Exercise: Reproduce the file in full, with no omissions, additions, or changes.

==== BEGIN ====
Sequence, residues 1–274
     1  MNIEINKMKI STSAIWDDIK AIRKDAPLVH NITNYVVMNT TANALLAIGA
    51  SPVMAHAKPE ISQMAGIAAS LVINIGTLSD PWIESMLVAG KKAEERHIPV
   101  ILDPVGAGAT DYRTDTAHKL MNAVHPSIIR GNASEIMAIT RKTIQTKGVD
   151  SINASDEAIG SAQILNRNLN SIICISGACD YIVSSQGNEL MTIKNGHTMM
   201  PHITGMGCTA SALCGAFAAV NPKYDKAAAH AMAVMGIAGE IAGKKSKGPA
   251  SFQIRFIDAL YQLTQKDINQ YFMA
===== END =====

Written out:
Sequence, residues 1–274
     1  MNIEINKMKI STSAIWDDIK AIRKDAPLVH NITNYVVMNT TANALLAIGA
    51  SPVMAHAKPE ISQMAGIAAS LVINIGTLSD PWIESMLVAG KKAEERHIPV
   101  ILDPVGAGAT DYRTDTAHKL MNAVHPSIIR GNASEIMAIT RKTIQTKGVD
   151  SINASDEAIG SAQILNRNLN SIICISGACD YIVSSQGNEL MTIKNGHTMM
   201  PHITGMGCTA SALCGAFAAV NPKYDKAAAH AMAVMGIAGE IAGKKSKGPA
   251  SFQIRFIDAL YQLTQKDINQ YFMA